Watching this arc, and seeing what Killua had to go through only worked to further cement my preference for his character over Gon’s in the long run. Seeing the environment that he grew up in and see how he was able to come out of it whole is a testament to his character, but that is no way saying that Gon isn’t an engaging character, because he is. I just like Killua much, much more.
Heavens Arena Arc
The newly reunited Gon and Killua, in search of money and experience, travel to Heavens Arena, a 251-floor building where fighters gather in order to fight in tournaments for cash. At this behemoth of a building, they meet a kung-fu master who teaches them about Nen, a chi-like energy everyone possesses within them, that can give the wielder superhuman abilities, because you know, anime. I’d also like to point out that Nen is one of the more creative and innovative things I’ve come across in any medium of entertainment; it was on par with chakra from Naruto and Ki from Dragonball for me. The different ways it could be utilized was mind-blowing!
We’re treated to numerous entertaining (and hilariously short) fights as Gon and Killua move up the rankings of Heavens Arena with little effort. That is, until they get to the big leagues where their skills are actually put to the test. Fan favorite and all-around power-obsessed character Hisoka makes an appearance in this arc and he and Gon square off, making for a very intense and exciting fight.
Yorknew City Arc
The next arc, the Yorknew City Arc, is one where things start to get dark again, almost to the point where the show’s tone shifts to that of a crime thriller. You get a look at the criminal underground of the world of HxH with mafia-like groups, villains in the form of an uber-powerful group called the Phantom Troupe, and a more storyline less focused on Gon and more so on Kurapika. You won’t hear any complaints from me on that end, because doing that focuses on one of the more tragic parts of HxH: Kurapika being the lone survivor of his clan. His clan was hunted down for their rare “scarlet eyes,” and in this arc you really see the underlying drives (vengeance and justice for his people) that pushed Kurapika to want to become a hunter in the first place.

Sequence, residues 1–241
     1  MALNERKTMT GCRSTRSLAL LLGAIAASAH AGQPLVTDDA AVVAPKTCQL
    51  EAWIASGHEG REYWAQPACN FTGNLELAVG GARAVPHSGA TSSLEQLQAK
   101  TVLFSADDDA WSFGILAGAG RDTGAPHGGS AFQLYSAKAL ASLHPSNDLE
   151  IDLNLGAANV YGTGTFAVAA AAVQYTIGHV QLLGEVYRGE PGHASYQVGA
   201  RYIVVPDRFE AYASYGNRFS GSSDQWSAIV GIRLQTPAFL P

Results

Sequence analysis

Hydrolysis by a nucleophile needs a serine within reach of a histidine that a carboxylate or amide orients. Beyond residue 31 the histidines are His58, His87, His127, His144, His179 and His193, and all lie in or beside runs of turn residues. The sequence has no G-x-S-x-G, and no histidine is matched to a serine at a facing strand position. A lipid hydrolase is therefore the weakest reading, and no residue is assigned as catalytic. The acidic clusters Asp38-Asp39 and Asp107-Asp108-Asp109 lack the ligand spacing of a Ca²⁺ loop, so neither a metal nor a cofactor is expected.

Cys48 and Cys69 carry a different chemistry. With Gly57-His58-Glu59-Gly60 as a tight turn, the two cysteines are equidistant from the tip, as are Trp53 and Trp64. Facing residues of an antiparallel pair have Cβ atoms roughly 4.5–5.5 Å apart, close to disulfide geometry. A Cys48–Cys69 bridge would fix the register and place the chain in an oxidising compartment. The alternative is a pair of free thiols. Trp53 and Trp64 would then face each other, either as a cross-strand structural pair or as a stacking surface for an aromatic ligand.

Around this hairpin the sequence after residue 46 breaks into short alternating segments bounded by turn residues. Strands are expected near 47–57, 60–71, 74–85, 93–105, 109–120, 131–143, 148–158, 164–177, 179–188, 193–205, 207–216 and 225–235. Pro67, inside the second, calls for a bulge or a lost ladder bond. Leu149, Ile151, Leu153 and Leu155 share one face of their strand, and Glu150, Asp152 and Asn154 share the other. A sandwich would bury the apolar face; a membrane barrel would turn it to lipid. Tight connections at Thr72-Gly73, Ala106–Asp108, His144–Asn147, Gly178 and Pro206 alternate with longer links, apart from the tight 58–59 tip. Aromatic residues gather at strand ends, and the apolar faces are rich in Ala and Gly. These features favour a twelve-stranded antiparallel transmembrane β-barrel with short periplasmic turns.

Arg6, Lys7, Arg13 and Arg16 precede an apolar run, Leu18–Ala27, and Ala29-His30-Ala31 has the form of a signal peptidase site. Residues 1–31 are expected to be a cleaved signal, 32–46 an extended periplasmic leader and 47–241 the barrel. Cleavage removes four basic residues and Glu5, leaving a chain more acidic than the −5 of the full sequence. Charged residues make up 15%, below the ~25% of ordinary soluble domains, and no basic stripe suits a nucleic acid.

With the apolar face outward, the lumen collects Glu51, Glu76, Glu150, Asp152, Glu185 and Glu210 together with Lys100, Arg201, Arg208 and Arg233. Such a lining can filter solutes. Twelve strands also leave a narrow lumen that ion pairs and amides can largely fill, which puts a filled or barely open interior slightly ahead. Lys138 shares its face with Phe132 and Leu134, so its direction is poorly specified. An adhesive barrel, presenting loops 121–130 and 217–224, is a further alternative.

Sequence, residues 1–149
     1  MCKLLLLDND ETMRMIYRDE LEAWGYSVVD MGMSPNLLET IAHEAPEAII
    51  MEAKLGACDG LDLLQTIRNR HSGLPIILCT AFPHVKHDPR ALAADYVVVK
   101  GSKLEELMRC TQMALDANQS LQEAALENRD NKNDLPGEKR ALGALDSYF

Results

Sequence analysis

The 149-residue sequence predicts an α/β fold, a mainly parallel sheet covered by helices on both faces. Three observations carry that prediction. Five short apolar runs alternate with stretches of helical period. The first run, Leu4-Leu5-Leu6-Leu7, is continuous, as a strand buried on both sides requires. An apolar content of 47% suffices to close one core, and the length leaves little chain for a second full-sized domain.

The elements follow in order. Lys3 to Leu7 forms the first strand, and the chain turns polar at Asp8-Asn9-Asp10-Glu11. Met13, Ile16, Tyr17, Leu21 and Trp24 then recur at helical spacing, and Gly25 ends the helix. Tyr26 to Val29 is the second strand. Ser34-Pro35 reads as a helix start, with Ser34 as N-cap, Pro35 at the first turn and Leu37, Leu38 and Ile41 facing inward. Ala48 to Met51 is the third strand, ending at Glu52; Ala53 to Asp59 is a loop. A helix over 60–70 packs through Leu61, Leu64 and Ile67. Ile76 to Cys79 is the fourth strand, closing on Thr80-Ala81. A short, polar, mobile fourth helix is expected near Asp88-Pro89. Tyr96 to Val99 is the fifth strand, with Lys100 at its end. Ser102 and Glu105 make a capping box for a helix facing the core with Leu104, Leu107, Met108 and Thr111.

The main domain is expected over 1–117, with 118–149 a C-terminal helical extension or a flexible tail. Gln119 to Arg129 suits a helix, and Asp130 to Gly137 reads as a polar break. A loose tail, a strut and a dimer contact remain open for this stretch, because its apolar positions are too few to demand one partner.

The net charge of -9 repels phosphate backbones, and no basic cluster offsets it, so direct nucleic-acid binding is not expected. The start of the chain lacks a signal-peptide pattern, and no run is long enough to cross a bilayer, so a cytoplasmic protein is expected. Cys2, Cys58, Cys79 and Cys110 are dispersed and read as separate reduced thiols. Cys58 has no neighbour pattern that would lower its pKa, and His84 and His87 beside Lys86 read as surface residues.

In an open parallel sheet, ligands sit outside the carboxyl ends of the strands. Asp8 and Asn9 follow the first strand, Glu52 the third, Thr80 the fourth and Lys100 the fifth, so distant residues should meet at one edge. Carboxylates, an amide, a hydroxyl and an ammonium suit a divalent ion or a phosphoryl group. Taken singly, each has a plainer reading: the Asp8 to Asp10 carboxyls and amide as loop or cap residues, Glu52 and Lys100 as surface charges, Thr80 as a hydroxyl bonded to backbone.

Kurapika’s whole reason for becoming a hunter was so he could bring to justice those who had hunted down killed his clan for their eyes, and if this sounds like it’d be a psychological trip, you would be absolutely right. You get a deeper look into what makes Kurapika tick, and you see the cracks in his cool and collected demeanor the closer he gets to those who wronged his people. This arc definitely doesn’t not disappoint in the areas of the presentation of the Phantom Troupe’s off the wall Nen abilities, Kurapika’s battles with the Phantom Troupe, or most importantly, Kurapika’s character development.
Greed Island Arc
The next arc takes place, in wait for it, a video game. Yes, you read that right. Now, for those not well versed in anime tropes, being trapped in a game in a common occurrence (and is pretty tired at this point), but there are times where it works. This is definitely one of those times.
The Greed Island arc centers around Gon and Killua, and introduces another important character: Biscuit. She’s a master and experienced teacher of Nen, so she imparts her knowledge onto the boys and while this arc ultimately serves as another training arc for Gon and Killua like the Heavens Arena arc, that doesn’t lessen its quality. It allowed the characters to flex their strategic abilities in order to solve problems rather than merely relying on brute strength . . . well for the most part. And any arc with Hisoka (which this one has plenty of) is a win in my book. Still, this arc had the rough luck of being stuck in between one of the best arcs of any anime show I’ve ever seen in the Yorknew City Arc and the more overblown and ridiculous Chimera Ant Arc. Speaking of . . .